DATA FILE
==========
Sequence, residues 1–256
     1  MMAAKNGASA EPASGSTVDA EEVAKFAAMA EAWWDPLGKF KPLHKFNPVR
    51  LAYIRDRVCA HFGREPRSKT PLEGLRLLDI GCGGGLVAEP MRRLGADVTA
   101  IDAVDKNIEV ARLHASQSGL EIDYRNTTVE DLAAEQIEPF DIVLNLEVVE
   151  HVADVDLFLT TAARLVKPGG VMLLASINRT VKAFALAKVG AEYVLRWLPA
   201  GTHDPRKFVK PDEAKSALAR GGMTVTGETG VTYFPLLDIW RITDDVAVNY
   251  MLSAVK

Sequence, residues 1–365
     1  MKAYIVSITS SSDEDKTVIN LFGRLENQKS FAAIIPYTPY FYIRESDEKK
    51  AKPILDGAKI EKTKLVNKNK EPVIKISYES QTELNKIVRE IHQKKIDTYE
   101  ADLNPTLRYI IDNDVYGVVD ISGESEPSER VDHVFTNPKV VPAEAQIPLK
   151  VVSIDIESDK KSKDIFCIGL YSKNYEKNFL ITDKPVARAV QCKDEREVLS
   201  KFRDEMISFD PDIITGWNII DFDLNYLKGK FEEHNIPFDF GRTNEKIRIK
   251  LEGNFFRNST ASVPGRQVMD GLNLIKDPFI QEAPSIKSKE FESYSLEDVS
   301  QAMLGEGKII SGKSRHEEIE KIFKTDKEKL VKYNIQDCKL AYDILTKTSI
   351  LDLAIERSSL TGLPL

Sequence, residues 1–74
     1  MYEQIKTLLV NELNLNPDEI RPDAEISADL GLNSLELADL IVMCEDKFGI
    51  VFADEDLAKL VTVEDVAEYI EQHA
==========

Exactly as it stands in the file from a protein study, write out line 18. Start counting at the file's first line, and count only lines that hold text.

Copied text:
     1  MYEQIKTLLV NELNLNPDEI RPDAEISADL GLNSLELADL IVMCEDKFGI